Banking

Citi loses bid to recoup massive mistake in surprise ruling

Citigroup unexpectedly lost a legal battle to recover half a billion dollars it sent Revlon lenders, after the embarrassing blunder forced it to answer to regulators and tighten its internal controls.

U.S. District Judge Jesse Furman in New York on Tuesday ruled that 10 asset managers for the lenders — which include Brigade Capital Management, HPS Investment Partners and Symphony Asset Management — don’t have to return more than $500 million that Citibank said it mistakenly transferred in August while trying to make an interest payment.

Patrick T. Fallon/Bloomberg

Furman found that the asset managers shouldn’t have been expected to know the transfer was an error. “To believe that Citibank, one of the most sophisticated financial institutions in the world, had made a mistake that had never happened before, to the tune of nearly $1 billion would have been borderline irrational,” he wrote.

Furman’s decision is the latest blow for Citigroup, which is in the midst of a yearslong effort to update its underlying controls and technology after regulators slapped it with a $400 million fine for deficiencies in both areas last year. The firm is also undergoing a leadership change, with incoming Chief Executive Officer Jane Fraser set to take the reins on March 1.

Boon to creditors

“We strongly disagree with this decision and intend to appeal,” Danielle Romero-Apsilos, a spokeswoman for Citigroup, said in a statement. “We believe we are entitled to the funds and will continue to pursue a complete recovery of them.”

Robert Loigman of Quinn Emanuel, the law firm representing the investment firms, said the firm was “extremely pleased with Judge Furman’s detailed and thorough decision.”

Revlon declined to comment.

Citigroup briefly pared gains on the news, but its shares were up 1.2% to $64.39 at 10:23 a.m. in New York.

The decision, which Citibank will almost certainly appeal, is a boon to the creditors, which have been locked in a battle with billionaire investor Ronald Perelman’s struggling cosmetics company over its May restructuring. They argued that the Aug. 11 payment —
one of the biggest banking errors in recent memory —
settled Revlon’s debt to them under a 2016 term loan, didn’t look like a mistake when it arrived and was theirs to keep.

The creditors sued Revlon the day after the errant wire transfers, alleging that the makeup company siphoned off collateral for a $200 million loan it secured in 2019 as it lost market share. They dropped the suit in November, reserving the right to refile it, pending the outcome of the Citibank litigation.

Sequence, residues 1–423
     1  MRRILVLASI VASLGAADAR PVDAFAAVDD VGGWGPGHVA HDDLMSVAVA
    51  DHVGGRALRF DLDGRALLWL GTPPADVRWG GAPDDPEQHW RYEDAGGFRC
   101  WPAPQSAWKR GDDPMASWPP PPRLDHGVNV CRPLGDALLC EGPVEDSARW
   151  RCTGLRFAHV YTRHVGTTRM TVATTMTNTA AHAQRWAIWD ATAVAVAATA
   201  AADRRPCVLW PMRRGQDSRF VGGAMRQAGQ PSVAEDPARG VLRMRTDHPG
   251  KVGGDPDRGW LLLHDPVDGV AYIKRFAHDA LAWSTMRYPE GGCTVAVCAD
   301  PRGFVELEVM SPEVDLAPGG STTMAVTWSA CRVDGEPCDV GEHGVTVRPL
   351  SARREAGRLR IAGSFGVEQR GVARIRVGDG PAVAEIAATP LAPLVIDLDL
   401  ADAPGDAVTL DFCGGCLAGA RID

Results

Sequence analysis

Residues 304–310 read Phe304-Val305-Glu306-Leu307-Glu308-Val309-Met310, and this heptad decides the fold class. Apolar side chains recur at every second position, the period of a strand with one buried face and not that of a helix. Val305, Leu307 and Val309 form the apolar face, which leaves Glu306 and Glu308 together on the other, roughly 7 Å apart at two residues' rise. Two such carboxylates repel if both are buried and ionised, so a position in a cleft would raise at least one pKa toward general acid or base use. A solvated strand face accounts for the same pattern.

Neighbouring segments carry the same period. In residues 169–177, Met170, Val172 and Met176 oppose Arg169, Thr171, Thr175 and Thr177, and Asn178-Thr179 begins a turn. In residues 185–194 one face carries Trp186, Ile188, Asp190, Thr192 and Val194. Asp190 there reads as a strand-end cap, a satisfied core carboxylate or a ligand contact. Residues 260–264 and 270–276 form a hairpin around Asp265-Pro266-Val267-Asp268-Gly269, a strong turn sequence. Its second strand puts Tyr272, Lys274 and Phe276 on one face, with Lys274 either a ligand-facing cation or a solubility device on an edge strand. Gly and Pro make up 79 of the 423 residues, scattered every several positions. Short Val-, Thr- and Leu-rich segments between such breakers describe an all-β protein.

Lasting impact

The ruling could also have a lasting impact on the role administrative agents play in the syndicated loan industry by exposing them to higher operational and regulatory risks.

Furman said prior court decisions forced him to conclude that the lenders were entitled to take the money because they were not aware that Citibank had make a mistake when it sent the funds.

“The transfers matched to the penny the amount of principal and interest outstanding on the loan,” he said in his decision. “The accompanying notices referred to interest being ‘due,’ and the only way in which that would have been accurate was if Revlon was making a principal prepayment. And it appears that no mistake of the size or nature of Citibank’s had ever happened before.”

The lenders can keep the money, pending any appeal by Citibank, but can’t spend it, the judge said.

A representative of HPS declined to comment. Brigade and Symphony didn’t immediately provide comment.

Looked intentional

At the trial, which was held by videoconference, executives of the asset managers testified that they had no reason to believe the wire transfers were an error. They said the sum was what they were owed, and although the credit agreement required three days’ notice for an early full payment of the loan —
notice the recipients didn’t get —
Revlon and the bank had breached the agreement before.

The pair “had really thumbed their nose” at the pact, including in the May restructuring, Scott Caraher, head of loans at Symphony, testified.

Caraher described the relationship between Symphony, Revlon and Citibank as contentious and complicated.

“It’s not that we didn’t want to return the money,” he said. “We were just paid money that we were owed by a borrower and an agent who were involved in a significant game of chess.”

Clear error

Citibank argued that the transfers were a clear error and that the firms had no right to them. Under questioning by a lawyer for the bank, a senior loan operations associate at Symphony testified that it’s standard practice to look into fund transfers made without notice and to return the money if it was sent in error. He said he had seen money sent by mistake to his firm or to counterparties before.

“We would review the wire, confirm it was a mistake” and, if “money was not owed, we would send it back,” he testified. Asked whether mistaken interest payments were common, he said they were.

The error was a painful lesson for the bank, which had to explain it to the Office of the Comptroller of the Currency and the Federal Reserve.

The judge wrapped up the six-day trial on Dec. 16 with a warning.

“The industry should figure out a way of dealing with these things even if this was a black swan event,” he said. “Whatever my ruling is in this case, I hope the world, the market takes notice of what’s happened here and the uncertainties that have resulted.”

The case is Citibank NA v. Brigade Capital Management, 20-cv-6539, U.S. District Court, Southern District of New York (Manhattan).



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